From this point of view, functional styles express the first type of information, i.e. the relations between the interlocutors. In some situations these relations may be unrestrained (непринужденные), friendly, easy-going or intimate, and in that case the speaker chooses the so called informal style of speech, viz. the colloquial style, which is a 'lower' (сниженный) style of speech, characteristic of oral communication. In other situations the relations between the interlocutors may be restrained (сдержанные), strictly official, etc., and then the interlocutors try to be deliberately polite (подчеркнуто вежливыми), and they choose the so called formal style (the lofty, bookish style), which is generally characteristic of written language. The formal style is used in the genres of official or business documents, of scientific or publicist works. These genres, in their turn, may be further subdivided into more particular varieties of genres; for example, official documents may represent an order, instruction, resolution, proceedings of a meeting (протокол заседания), report, application (заявление), etc.

It is natural for speakers to try to avoid any confusion of formal and informal styles within one text, as such a confusion might give the wrong idea of the relations between the interlocutors: e.g. a letter to a person of higher authority cannot begin with words like 'Hi, how are you doing?', which would bear a sense of familiarity. But at the same time it is well worth mentioning that there may be samples of speech (oral or written) which are not clearly marked by features of any particular style, and which can therefore be regarded as a "neutral" style, suitable for any communicative situations.

Besides the formal and informal functional styles mentioned above (which reflect the relations between interlocutors), there are also stylistic characteristics of speech that reflect the attitude of the speaker to the content of his speech. This second type of stylistic information concerns the emotional character of speech, viz. the presence or absence of emotional or evaluative (оценочный) elements. In this respect we can distinguish:

1) an emotionally coloured style of speech

2) a deliberately unemotional (подчеркнуто безэмоциональный), or "cold" style of speech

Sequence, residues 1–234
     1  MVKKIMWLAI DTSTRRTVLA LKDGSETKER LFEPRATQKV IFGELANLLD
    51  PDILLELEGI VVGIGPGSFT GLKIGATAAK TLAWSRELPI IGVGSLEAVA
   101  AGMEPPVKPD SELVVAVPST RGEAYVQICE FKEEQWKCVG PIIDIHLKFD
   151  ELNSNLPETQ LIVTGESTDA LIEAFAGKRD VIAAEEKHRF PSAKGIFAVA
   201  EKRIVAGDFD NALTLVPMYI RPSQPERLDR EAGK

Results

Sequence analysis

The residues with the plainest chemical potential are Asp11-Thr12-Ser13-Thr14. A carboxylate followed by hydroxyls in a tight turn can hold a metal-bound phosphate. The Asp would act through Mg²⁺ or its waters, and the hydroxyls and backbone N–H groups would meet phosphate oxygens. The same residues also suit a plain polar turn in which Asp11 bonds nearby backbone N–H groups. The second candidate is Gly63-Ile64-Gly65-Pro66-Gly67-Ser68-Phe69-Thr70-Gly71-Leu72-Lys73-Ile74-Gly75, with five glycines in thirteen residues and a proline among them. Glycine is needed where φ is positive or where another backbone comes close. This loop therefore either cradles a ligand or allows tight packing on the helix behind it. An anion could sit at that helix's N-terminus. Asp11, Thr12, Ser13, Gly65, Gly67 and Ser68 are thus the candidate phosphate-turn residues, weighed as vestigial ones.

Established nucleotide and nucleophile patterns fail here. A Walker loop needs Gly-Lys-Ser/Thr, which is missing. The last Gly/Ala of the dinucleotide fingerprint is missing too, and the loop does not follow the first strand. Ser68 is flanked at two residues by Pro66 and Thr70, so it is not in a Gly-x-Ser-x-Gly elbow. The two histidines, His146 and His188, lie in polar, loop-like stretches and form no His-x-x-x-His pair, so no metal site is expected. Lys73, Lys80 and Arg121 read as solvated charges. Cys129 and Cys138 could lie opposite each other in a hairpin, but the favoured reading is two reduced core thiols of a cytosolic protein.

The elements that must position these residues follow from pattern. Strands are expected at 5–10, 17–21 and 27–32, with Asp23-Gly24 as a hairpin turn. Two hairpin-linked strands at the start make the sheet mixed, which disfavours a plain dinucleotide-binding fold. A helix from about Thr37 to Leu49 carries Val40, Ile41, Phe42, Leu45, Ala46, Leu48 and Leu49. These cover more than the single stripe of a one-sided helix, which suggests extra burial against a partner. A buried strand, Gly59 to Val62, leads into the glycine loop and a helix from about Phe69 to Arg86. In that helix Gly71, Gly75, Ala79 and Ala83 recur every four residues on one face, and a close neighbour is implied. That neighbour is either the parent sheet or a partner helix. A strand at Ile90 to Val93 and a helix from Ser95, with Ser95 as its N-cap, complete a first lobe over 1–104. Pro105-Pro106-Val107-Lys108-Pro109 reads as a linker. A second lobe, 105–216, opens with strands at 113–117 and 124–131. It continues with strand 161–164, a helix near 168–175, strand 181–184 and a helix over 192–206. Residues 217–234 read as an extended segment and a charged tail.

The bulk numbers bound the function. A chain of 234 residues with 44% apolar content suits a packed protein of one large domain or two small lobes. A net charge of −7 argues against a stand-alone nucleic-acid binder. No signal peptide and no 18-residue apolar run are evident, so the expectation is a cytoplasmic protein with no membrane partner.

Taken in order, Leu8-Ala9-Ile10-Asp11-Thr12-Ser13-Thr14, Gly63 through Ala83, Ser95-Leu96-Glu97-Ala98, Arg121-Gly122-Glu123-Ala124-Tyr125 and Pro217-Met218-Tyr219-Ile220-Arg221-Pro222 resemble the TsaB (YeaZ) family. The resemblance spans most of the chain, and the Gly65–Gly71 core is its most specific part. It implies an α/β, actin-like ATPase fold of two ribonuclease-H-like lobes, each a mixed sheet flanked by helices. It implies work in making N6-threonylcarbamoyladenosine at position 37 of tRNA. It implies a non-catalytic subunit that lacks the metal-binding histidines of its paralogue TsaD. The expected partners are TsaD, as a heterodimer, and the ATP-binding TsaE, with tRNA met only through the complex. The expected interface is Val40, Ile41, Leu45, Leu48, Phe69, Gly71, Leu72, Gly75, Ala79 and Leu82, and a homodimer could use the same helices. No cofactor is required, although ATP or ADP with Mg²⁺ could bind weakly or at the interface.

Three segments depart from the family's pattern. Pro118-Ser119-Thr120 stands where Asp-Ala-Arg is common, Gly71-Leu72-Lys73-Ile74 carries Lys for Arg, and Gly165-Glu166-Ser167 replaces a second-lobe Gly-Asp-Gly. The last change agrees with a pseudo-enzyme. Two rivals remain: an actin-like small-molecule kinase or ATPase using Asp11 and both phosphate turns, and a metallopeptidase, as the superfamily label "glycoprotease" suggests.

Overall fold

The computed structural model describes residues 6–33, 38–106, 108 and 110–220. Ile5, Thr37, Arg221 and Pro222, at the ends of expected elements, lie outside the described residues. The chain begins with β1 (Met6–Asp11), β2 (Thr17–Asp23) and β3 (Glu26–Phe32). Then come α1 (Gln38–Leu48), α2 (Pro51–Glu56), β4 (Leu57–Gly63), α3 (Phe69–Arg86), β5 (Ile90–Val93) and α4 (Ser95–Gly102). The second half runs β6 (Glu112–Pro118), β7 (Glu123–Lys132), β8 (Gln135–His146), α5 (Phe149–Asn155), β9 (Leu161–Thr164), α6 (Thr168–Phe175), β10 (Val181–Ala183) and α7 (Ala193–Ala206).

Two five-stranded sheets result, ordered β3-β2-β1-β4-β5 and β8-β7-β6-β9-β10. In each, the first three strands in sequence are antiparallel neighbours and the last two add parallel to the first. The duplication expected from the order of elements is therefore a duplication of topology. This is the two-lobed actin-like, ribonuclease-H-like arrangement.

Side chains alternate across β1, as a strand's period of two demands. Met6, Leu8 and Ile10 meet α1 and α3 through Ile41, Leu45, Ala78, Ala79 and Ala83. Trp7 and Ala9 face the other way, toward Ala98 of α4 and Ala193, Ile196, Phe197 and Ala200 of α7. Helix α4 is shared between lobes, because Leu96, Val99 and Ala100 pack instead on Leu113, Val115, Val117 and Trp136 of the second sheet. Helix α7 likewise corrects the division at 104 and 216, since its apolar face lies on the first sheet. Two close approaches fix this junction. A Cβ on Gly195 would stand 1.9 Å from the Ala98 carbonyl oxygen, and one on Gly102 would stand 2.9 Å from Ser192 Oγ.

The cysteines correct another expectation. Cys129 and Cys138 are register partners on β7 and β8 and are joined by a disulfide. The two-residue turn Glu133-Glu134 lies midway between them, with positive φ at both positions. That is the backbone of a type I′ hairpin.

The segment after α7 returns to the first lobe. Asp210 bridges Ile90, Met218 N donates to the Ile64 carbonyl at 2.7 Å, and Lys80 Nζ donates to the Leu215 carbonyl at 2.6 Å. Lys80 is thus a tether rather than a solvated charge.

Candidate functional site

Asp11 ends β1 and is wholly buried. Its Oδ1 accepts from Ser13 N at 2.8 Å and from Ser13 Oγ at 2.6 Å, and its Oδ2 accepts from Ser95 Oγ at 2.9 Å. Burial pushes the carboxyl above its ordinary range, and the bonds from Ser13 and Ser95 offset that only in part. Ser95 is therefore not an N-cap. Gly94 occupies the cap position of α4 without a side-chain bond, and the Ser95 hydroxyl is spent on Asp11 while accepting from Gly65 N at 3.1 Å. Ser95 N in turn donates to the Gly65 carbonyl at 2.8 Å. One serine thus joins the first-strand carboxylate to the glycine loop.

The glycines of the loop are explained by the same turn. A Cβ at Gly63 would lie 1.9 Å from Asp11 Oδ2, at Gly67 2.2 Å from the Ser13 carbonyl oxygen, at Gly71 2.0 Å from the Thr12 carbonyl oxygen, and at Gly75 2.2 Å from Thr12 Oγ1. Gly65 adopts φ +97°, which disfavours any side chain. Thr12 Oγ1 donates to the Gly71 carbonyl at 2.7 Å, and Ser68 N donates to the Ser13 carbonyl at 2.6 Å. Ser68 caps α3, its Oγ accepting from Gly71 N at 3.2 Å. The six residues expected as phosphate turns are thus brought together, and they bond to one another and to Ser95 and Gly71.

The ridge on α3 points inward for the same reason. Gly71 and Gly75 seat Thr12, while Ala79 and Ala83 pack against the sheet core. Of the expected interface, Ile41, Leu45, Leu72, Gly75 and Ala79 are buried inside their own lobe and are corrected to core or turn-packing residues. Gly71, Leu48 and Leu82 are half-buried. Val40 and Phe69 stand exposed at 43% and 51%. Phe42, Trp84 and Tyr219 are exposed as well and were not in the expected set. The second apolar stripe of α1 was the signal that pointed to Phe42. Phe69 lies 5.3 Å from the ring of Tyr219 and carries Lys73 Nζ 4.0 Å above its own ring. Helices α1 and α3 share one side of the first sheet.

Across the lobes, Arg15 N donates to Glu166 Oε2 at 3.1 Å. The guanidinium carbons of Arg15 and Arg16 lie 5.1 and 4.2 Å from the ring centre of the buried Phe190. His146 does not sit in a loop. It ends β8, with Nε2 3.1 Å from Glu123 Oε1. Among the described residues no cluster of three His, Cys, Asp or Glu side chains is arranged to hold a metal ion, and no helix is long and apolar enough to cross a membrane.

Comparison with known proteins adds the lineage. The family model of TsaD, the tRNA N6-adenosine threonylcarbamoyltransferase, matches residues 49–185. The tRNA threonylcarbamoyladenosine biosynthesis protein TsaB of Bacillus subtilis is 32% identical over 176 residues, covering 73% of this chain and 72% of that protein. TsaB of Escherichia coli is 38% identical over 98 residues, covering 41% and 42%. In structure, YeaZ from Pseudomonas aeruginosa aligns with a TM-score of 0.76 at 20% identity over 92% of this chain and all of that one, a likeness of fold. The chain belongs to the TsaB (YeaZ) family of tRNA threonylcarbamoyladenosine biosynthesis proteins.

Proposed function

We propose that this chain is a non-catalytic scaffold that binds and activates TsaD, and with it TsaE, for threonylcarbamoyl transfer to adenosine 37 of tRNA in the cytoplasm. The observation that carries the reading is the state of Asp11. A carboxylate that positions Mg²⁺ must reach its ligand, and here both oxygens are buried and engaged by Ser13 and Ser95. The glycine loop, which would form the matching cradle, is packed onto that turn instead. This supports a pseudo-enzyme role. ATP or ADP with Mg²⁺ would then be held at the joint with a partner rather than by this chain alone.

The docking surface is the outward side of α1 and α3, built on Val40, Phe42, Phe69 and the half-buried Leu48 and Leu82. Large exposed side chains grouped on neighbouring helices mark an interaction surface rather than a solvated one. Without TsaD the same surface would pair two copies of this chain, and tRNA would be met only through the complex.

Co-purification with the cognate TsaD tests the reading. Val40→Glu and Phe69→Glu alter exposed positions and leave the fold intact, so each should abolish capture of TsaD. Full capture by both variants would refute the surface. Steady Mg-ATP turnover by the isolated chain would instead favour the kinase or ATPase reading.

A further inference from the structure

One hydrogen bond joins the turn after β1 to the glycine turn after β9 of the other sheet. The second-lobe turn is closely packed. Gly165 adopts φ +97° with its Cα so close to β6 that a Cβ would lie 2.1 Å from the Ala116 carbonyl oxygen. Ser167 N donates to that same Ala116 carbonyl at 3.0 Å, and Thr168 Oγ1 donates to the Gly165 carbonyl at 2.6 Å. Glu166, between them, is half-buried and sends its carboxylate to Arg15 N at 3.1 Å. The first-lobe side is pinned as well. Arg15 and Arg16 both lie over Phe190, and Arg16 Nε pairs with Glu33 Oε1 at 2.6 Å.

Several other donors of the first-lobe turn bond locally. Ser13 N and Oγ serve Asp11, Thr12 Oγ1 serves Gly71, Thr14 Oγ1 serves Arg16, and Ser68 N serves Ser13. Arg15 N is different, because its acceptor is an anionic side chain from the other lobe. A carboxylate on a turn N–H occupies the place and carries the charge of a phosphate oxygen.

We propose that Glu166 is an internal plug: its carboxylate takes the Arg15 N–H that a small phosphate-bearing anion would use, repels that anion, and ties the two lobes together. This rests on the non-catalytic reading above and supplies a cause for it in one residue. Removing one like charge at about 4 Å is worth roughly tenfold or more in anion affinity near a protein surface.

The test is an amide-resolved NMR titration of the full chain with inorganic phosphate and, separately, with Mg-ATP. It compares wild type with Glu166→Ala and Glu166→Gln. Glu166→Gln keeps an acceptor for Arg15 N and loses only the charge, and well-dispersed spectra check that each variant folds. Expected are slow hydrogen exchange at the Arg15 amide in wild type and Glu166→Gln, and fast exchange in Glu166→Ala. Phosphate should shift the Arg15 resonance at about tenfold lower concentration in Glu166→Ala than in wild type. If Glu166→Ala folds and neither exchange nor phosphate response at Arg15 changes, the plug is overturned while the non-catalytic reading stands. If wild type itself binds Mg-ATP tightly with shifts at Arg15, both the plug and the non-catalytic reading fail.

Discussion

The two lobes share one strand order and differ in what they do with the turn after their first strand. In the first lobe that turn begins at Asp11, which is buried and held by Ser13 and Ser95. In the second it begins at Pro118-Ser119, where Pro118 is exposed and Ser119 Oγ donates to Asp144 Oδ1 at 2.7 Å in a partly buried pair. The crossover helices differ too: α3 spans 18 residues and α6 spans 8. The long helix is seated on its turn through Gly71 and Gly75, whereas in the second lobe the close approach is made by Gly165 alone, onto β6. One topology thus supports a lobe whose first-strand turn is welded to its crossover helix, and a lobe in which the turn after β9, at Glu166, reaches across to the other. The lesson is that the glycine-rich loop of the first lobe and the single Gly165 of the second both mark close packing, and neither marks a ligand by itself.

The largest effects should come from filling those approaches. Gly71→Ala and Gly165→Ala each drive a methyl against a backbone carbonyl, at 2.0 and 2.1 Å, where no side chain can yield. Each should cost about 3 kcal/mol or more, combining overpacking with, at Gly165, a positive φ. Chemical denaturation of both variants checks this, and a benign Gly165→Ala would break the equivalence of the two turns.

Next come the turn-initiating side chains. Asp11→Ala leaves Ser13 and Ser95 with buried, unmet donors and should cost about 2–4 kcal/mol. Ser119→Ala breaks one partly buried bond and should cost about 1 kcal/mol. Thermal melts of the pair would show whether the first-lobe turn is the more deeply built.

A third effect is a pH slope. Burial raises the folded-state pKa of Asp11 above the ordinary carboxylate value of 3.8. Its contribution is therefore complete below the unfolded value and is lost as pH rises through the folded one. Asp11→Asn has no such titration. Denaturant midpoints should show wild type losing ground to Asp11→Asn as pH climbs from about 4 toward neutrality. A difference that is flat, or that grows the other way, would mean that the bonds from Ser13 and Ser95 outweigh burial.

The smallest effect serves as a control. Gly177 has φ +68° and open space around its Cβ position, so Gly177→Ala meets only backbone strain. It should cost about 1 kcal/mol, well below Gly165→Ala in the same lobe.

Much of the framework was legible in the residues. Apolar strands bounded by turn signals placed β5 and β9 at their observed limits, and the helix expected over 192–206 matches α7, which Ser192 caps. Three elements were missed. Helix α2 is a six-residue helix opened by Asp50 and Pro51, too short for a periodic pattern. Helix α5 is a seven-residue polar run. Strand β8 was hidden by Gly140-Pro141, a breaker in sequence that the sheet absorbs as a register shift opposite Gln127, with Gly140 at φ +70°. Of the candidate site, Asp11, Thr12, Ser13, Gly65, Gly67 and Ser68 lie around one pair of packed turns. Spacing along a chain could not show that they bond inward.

3) a neutral style of speech

Emotionally coloured speech may be characterized, on the one hand, by a lofty emotional colouring (приподнятая эмоциональная окраска), such as solemn (торжественная), passionate (патетическая), ironic, wrathful (гневная), sarcastic (саркастическая), etc., or, on the other hand, by a lower colouring (сниженная окраска), such as jocular/humorous (шутливая), derogatory (уничижительная), rude (грубая), disapproving (неодобрительная), endearing (ласкательная), etc.

The lofty emotional colouring is characteristic of the publicist/oratory style, while the lower emotional colouring is typical of colloquial style. The deliberately unemotional character of speech is typical of the formal ('cold') styles, such as scientific, official or business speech, where the speaker tends to make his speech impersonal and avoid any emotional or evaluating elements.

Apart from the two directly opposed styles – the emotionally coloured and the deliberately unemotional – there may also be intermediate, stylistically neutral speech, which is neither emotionally coloured nor deliberately devoid of emotion. Thus, there may be samples of speech that are neutral both with respect to the relations between the interlocutors and with respect to the speaker's attitude toward what he says.

Stylistic differences of any kind can be expressed by various language means: phonetic, lexical or grammatical. One of the most vivid means is, naturally, the choice of vocabulary. 

Stylistic Characteristics of English Vocabulary

With respect to the functional styles, vocabulary can be subdivided into bookish (literary), which is typical of formal styles (scientific, official, business, publicist), and colloquial vocabulary which is typical of the lower style (colloquial). In addition, there is always present in the language a stylistically neutral vocabulary, which can be used in all kinds of style. Cf: